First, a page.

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RE: Functional Paradigm popularity and Maths (Was: XML as a transition to s-expr)

Dave S. wrote:
> > I agree
> > with Shriram: pure Scheme is the machine embodiment of an elegant
> > mathematical formalism, that can be viewed as underlying all known
> > computing operations.  Niggles about parentheses pale in
> > comparison to the sheer, mindblowing importance of this fact.
> > :O))
> I agree with the former part of this paragraph. I don't agree with
> latter "mindblowing importance" part. Valuable, absolutely. A
> fundamental idea for certain problem domains, absolutely.
> Fundamentally important to all computer-science/software-engineering
> problems, no.

Well, I said "can be viewed as underlying all known computing operations",
which as far as anyone knows, is true.  I didn't say that it's the *only*
way to view those operations.  If software design teaches us anything, it's
the existence of multiple views of any given phenomenon.

> To assert such universal importance, is tantamount (by analogy) to one
> declaring a specific discipline and field of mathematics as being the
> fundamental/essential or important element of all mathematics.

Since Church wanted to use lambda calculus as a foundation for mathematics,
and others have made progress along those lines, I'd almost be willing to
defend your analogy as reality, except it would still only be one possible
view of mathematics.

As for "mindblowing importance", I think that can quite easily be defended,
although naturally, definitions of "mindblowing" will vary.  A good
reference might be Barendregt's "The Impact Of The Lambda Calculus In Logic
And Computer Science",

When lambda calculus was invented, it must have seemed pretty important.
When its concepts resulted in the first interpreted computer language on the
planet, it must have seemed pretty important.  One could even say
"mindblowing", if not too jaded.  If it all seem less dramatic in hindsight,
why is that?  Has something replaced these fundamental ideas?  If so, what?
Does it provide more expressive power, or is it just a different view?  Is
it as rigorous, as simple, as useful, as well-understood?

> Some would argue the same for design in pure-oo languages.
> In such languages you can create your own classes and define all their
> behavior. Which I would say, in turn, defines a new language. You can
> pretty readily provide simple front ends to alter the syntax and grammar
> as well, if that is desired. (* although not nearly as intrinsic and
> efficient as scheme macro facilities *)

In the case of Smalltalk at least, I think you're right.  The gap between a
functional language and Smalltalk isn't that great, though, as I'm sure you
know.  I'm not actually arguing that Scheme is a "better" language, for most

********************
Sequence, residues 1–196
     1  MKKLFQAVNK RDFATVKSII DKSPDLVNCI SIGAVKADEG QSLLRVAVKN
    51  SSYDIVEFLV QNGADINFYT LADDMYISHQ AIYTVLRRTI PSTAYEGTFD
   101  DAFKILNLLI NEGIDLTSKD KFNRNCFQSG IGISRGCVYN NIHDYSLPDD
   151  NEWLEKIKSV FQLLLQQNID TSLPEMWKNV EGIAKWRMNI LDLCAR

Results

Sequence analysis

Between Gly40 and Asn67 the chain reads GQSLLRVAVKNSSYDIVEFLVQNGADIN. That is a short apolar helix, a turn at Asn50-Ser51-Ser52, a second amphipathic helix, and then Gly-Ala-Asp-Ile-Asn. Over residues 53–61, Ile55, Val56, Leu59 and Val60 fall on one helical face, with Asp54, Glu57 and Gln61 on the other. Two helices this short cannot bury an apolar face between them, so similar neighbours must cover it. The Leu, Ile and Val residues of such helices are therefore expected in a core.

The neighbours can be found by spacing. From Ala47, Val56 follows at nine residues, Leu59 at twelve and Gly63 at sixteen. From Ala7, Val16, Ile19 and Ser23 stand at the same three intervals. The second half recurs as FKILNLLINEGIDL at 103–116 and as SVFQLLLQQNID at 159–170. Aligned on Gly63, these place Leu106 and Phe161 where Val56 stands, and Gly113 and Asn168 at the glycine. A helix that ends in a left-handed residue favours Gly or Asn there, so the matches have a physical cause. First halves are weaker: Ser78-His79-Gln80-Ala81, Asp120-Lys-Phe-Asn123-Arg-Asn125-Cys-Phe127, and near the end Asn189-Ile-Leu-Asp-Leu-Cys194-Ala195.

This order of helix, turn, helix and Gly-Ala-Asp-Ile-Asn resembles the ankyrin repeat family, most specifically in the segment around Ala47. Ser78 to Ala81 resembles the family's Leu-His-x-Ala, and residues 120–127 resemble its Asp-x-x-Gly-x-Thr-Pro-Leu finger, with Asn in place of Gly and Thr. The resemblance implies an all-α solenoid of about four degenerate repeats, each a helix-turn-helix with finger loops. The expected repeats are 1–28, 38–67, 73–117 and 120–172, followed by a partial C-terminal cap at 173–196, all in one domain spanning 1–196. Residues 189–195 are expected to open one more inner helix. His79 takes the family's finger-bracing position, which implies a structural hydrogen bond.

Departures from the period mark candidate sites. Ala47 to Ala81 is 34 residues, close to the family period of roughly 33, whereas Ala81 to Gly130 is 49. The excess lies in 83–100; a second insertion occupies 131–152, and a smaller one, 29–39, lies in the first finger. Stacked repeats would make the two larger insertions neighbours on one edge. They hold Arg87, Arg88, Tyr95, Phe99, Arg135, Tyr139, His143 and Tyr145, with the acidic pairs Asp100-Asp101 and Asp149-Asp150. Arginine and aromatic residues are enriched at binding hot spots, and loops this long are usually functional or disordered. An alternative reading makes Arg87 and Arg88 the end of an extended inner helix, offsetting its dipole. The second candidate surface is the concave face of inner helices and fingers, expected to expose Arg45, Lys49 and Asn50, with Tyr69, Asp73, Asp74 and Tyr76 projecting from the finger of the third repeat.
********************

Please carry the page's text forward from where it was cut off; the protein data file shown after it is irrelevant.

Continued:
values of "better", but rather that it's a more fundamental language, that
understanding it can help understand other languages better, and that the
converse is less true.

For me, and at least a few others I've come across, learning Scheme and some
of the concepts behind it improved my skills and understanding of other
languages, in a way that the other languages I had learned up until then did
not.  I thought I understood languages pretty well after I had developed a
little metaclass-based object-oriented language (on top of someone else's
language).  I was wrong - I was mainly copying Smalltalk, and in hindsight,
Smalltalk didn't teach me as much as I thought it did, about its own
meaning.  Scheme teaches you about its own meaning, and about the meaning of
other languages - or at least, it maps closely enough to concepts that can
do that, to provide an excellent way of learning those concepts.

> >From my perspective, this little-language notion is what
> dynamic-languages like Smalltalk have termed frameworks and components.
> I.e., they are all "little languages", which are each unique to the
> classes/interfaces of objects/components involved.

I think there can be a bit more to it, once you start actually providing a
modified language to users (e.g. Paul Graham's RTML), and allowing the
user - or yourself - a high-level way to automatically control the program.
I suppose in theory, you're still just using the underlying frameworks and
components, but it sure feels like something more is going on - perhaps
mainly because it allows users to do much more than they could otherwise.

Systems I've worked on have had graphics specification languages and
financial analysis languages, for example.  Implementing these sorts of
things as in-house applications, as opposed to shrinkwrapped products,
pretty much requires that the language you use to do it gives you high
leverage, including things like runtime evaluation of new code (or an
equivalent).  There's more than one language that can work well in this
environment; in fact, I've seen Prolog used for this kind of thing, for
example.  But the Lisps are certainly top contenders in this space.